Wed, May 24, 2006 - Page 3 News List

Lee Chun-yee's China resolution proposal panned

By Jewel Huang  /  STAFF REPORTER

From left to right, Democratic Progressive Party legislators in the party's Welfare State Alliance faction You Ching, Chai Trong-rong, Lee Chun-yee, Chiu Chui-chen and Chang Hsiu-chen deliberate on China policy during a meeting yesterday.


Nearly every member of the Welfare State Alliance, a faction of the Democratic Progressive Party (DPP), has come out in opposition to DPP Legislator Lee Chun-yee's (李俊毅) proposal to draft a new party resolution on China policy.

They said that the alliance will not support Lee's proposal since it calls for an open approach to China-bound investment.

On Monday, Lee, the leader of the alliance, announced that it planned to hold a meeting yesterday with alliance members to hammer out a new resolution on China policy for the DPP.

Lee, who is also a key member of former premier Frank Hsieh's (謝長廷) team, argued that President Chen Shui-bian's (陳水扁) "active management, effective opening" policy would harm Taiwan's economic development and competitiveness in the long run.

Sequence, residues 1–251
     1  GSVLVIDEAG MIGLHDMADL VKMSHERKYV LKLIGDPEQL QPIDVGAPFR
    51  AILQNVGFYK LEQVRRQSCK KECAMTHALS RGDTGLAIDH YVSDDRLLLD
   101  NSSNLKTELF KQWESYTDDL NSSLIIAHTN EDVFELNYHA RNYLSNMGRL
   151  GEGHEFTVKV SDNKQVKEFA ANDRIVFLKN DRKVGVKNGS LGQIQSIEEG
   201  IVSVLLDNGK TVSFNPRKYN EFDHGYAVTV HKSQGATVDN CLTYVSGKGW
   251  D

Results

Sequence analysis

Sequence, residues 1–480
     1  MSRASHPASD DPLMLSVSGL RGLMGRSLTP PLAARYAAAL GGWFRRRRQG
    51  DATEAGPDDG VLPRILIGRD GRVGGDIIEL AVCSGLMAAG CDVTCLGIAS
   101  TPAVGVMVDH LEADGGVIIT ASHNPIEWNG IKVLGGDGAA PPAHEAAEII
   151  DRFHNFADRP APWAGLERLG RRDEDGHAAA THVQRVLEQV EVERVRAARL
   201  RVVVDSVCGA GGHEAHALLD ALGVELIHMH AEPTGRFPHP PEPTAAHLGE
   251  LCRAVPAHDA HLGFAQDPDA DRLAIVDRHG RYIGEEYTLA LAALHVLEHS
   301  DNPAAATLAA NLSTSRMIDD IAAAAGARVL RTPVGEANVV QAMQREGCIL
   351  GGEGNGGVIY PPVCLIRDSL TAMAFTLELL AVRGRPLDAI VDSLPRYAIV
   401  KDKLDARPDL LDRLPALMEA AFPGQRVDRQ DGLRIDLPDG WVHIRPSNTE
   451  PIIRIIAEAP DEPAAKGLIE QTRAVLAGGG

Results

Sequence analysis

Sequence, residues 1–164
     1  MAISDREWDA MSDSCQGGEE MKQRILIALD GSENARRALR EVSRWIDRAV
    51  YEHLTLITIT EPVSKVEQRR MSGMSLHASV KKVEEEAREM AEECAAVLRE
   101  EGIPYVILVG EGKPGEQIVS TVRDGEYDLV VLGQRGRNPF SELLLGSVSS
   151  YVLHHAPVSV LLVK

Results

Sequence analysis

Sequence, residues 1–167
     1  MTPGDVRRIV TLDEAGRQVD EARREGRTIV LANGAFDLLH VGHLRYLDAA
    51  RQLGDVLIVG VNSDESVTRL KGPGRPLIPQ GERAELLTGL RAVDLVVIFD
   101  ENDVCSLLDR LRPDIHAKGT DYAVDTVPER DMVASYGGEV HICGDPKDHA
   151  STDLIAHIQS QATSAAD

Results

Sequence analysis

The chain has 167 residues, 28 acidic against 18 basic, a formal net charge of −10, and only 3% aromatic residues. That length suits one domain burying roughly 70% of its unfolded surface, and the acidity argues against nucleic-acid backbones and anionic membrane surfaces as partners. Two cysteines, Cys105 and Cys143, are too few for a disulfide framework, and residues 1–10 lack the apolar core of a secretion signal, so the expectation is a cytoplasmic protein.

Lee then suggested drafting a new party resolution on China policy calling for the adoption of a more open approach to cross-strait economic exchanges.

During the meeting yesterday, alliance member and DPP Legislator Wang Shih-cheng (王世堅) strongly opposed the proposal, saying that now was not the right time to bring up the issue, and that so far China had not shown any goodwill to Taiwan.

Wang stressed that the Welfare State Alliance was "the last line of defense for defending Taiwan's sovereignty" and that it was inappropriate for the alliance to support a resolution that embraces China's market with open arms.

Wang ripped up a copy of the proposal and threatened to withdraw from the alliance if it insisted on submitting it to the DPP's national convention, which is scheduled to be held in July.

"I don't think this proposal will benefit Hsieh's approval rating," Wang added.

DPP legislators You Ching (尤清), Chai Trong-rong (蔡同榮) and a member of the DPP's central standing committee Chou Ching-yu (周清玉) voiced similar opinions.

Facing members' vehement opposition, Lee defended the proposal, saying that it did not mean abandoning Taiwan's sovereignty. He said the alliance would revisit the topic on another occasion.

This story has been viewed 3512 times.

Comments will be moderated. Remarks containing abusive and obscene language, personal attacks of any kind or promotion will be removed and the user banned.

TOP top